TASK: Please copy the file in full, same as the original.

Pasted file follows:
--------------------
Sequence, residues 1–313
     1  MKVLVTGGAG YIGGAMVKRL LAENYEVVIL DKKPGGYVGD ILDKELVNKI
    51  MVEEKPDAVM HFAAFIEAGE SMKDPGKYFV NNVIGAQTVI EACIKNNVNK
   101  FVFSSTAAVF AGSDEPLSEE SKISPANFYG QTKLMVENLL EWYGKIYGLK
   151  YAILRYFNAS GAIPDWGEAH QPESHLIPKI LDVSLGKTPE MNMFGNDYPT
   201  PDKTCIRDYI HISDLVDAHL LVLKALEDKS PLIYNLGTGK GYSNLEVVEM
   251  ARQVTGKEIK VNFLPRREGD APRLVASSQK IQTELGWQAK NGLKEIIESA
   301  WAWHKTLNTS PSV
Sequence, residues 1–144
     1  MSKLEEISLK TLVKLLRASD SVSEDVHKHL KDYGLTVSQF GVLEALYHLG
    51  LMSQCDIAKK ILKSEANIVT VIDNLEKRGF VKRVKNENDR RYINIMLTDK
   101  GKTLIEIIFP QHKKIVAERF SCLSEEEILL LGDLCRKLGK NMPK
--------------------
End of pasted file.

Sequence, residues 1–313
     1  MKVLVTGGAG YIGGAMVKRL LAENYEVVIL DKKPGGYVGD ILDKELVNKI
    51  MVEEKPDAVM HFAAFIEAGE SMKDPGKYFV NNVIGAQTVI EACIKNNVNK
   101  FVFSSTAAVF AGSDEPLSEE SKISPANFYG QTKLMVENLL EWYGKIYGLK
   151  YAILRYFNAS GAIPDWGEAH QPESHLIPKI LDVSLGKTPE MNMFGNDYPT
   201  PDKTCIRDYI HISDLVDAHL LVLKALEDKS PLIYNLGTGK GYSNLEVVEM
   251  ARQVTGKEIK VNFLPRREGD APRLVASSQK IQTELGWQAK NGLKEIIESA
   301  WAWHKTLNTS PSV
Sequence, residues 1–144
     1  MSKLEEISLK TLVKLLRASD SVSEDVHKHL KDYGLTVSQF GVLEALYHLG
    51  LMSQCDIAKK ILKSEANIVT VIDNLEKRGF VKRVKNENDR RYINIMLTDK
   101  GKTLIEIIFP QHKKIVAERF SCLSEEEILL LGDLCRKLGK NMPK